Where is coffee produced with forced labor?

According to the U.S. Department of Labor (2012) coffee is produced with forced labor in Côte D’Ivoire (CDI) and with child labor in Colombia, CDI, Dominican Republic, Guatemala, Guinea, Honduras, El Salvador, Kenya, Mexico, Nicaragua, Panama, Sierra Leone, Tanzania, and Uganda. Other reports have found forced labor throughout Latin America, particularly in those countries that the Department of Labor has identified as using child labor. 

What does forced labor in coffee harvesting look like?

Few large-scale studies have been carried out on forced labor in the coffee sector; however, anecdotal reports confirm its existence. For example, the U.S. Department of State (2010) acknowledged the existence of forced labor on coffee plantations in Guatemala. Reports cited by the U.S. Department of Labor (e.g. Anti-Slavery International 2004) imply that similar conditions may exist in the Ivorian coffee sector. As few farmers rely solely on cocoa, it is likely that children and adults working on these farms also work in the production of other commodities including coffee.

Coffee Production and Supply Chain

After coffee is harvested, the seeds are dried either by the sun or, on more mechanized plantations, by machine. Beans are then hulled, sorted, and graded for quality before being roasted. Forced labor may occur at all stages but is most likely to occur in harvesting.

According to the United Nations Conference on Trade and Development (2004), coffee is the second most traded commodity world-wide after oil.

The largest coffee producing countries, in descending order, are Brazil, Vietnam, Colombia, Indonesia, Ethiopia, India, Mexico, Guatemala, Peru, and Honduras. The largest importers of coffee are Europe, the U.S., and Japan (UNCTAD 2004). “In the past decade, the proportion of value added to coffee in the industrialized world has increased significantly. The share of producing countries’ earnings in the retail market decreased drastically by the early 2000s, to between 6% and 8% of the value of a coffee packet sold in a supermarket” (UNCTAD 2004).


Case Study

Coffee and Fair Trade:

Fair Trade coffee has risen in popularity as a means of combating the wide variety of exploitative labor conditions in coffee harvesting. In 2000, the U.S. imported around 4.3 million pounds of Fair Trade Certified coffee.  Ten years later the amount increased to almost 109 million pounds. One of the root causes of forced and child labor in coffee is the low prices and lack of price stability for farmers. Farmers who participate in the Fair Trade program receive, as of 2012, a $0.20/lb premium on Fair Trade Coffee (Fair Trade USA). In return for this premium price, Fair Trade cooperatives adhere to a number of labor standards, including the prohibition of forced and child labor.

How does forced labor in coffee affect me?

Coffee is one of the most commonly consumed beverages in the world.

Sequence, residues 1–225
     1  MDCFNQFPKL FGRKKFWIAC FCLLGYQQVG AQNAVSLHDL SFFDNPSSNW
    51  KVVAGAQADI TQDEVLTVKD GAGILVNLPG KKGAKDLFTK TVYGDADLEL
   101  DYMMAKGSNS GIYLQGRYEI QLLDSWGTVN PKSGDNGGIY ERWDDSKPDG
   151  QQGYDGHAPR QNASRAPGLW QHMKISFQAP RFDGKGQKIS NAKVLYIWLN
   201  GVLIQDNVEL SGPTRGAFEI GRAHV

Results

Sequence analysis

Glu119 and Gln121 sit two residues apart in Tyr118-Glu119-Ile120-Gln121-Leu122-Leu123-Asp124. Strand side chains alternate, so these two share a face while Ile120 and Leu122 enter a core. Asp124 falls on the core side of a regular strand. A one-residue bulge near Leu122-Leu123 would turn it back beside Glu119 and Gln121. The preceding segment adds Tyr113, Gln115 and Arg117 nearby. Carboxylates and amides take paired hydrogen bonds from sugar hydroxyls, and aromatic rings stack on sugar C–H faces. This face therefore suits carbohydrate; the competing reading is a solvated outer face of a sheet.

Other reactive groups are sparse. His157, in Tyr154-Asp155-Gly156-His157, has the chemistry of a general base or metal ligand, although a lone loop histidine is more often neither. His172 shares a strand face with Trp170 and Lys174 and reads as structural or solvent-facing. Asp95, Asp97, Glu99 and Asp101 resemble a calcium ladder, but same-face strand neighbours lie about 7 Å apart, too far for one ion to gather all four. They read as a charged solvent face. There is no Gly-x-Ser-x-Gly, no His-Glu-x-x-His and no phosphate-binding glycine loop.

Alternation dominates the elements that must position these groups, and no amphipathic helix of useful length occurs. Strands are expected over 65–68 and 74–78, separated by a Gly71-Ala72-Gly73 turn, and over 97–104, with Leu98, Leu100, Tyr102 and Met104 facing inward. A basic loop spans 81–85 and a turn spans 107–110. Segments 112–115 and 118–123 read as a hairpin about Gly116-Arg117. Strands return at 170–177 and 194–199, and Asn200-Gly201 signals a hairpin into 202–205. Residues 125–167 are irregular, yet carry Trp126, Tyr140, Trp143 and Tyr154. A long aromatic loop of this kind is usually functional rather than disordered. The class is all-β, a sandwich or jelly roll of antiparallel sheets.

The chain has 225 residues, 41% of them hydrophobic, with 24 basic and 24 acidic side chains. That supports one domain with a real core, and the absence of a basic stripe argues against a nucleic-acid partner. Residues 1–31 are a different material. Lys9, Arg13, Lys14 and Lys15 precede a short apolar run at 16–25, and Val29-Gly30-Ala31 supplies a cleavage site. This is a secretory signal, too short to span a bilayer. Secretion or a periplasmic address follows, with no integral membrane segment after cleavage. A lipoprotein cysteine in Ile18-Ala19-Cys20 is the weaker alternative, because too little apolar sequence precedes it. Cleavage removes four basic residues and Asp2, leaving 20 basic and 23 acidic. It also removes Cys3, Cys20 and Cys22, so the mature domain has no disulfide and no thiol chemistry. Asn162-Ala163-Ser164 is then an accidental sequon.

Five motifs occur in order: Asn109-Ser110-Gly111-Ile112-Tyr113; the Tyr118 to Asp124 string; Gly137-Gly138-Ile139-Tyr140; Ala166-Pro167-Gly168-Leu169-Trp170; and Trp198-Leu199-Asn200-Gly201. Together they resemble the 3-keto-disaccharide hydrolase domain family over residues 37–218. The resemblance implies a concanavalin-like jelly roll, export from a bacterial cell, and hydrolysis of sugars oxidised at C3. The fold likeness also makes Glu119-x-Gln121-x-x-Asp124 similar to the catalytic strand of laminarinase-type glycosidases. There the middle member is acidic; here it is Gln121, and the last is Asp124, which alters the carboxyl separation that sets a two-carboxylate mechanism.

Research on Indicators of Forced Labor in the Supply Chain of Coffee in Guatemala

Verité conducted research in the coffee industry in Guatemala and found indicators of forced labor at coffee fincas for migrant workers, voluntaries (workers who live near the fincas) and colonos (workers who live at the fincas year round).  Researchers found that many workers are subject to physical confinement and abuse at the workplace. Although the workers are free to enter and leave the fincas, there are some restrictions on movement during working hours and guards are present. Workers are subject to threats and verbal abuse and many are fearful of their employers. Researchers also found indicators of induced indebtedness including the use of labor brokers, the confiscation of identification documents and the absence of written contracts. According to the Labor Code, manual workers must be paid every fifteen days. However, in the Guatemalan coffee sector, workers are usually paid every month or at the end of harvest, which encourages the workers to stay at the fincas until the harvest season is over. Some workers are threatened with a loss of employment, food or future employment if they try to leave the fincas before the end of harvest season or if they fail to harvest enough coffee. Workers are subject to hazardous working conditions, including the use of pesticides, without consistent medical care. Almost all of the fincas researched by Verité employed child laborers, some as young as five years old. Children working in the coffee industry are forced to interrupt their education and are subject to dangerous working conditions (Verité).



Where can I learn more?

Read a summary of the global coffee trade.

Read Verité’s full report on forced labor indicators in Guatemala’s Coffee industry


Works Cited:

Anti-Slavery International. The Cocoa Industry in West Africa, a History of Exploitation. 2004.

Downie, Andrew. “Fair trade in Bloom”. New York Times. October 2, 2007.

Fair Trade USA. “Coffee”.

International Coffee Organization. “Roasting/Making Coffee.”

United Nations Conference on Trade and Development. Commodities Atlas: Coffee. 2004.

U.S. Department of Labor.  2012 List of Goods Produced by Child Labor or Forced Labor. 2012  

U.S. Department of Labor.  2010 List of Goods Produced by Child Labor or Forced Labor. December 2010.  

U.S. Department of State. 2009 Human Rights Report: Guatemala. March 2010

Verité. Research on Indicators of Forced Labor in the Supply Chain of Coffee in Guatemala.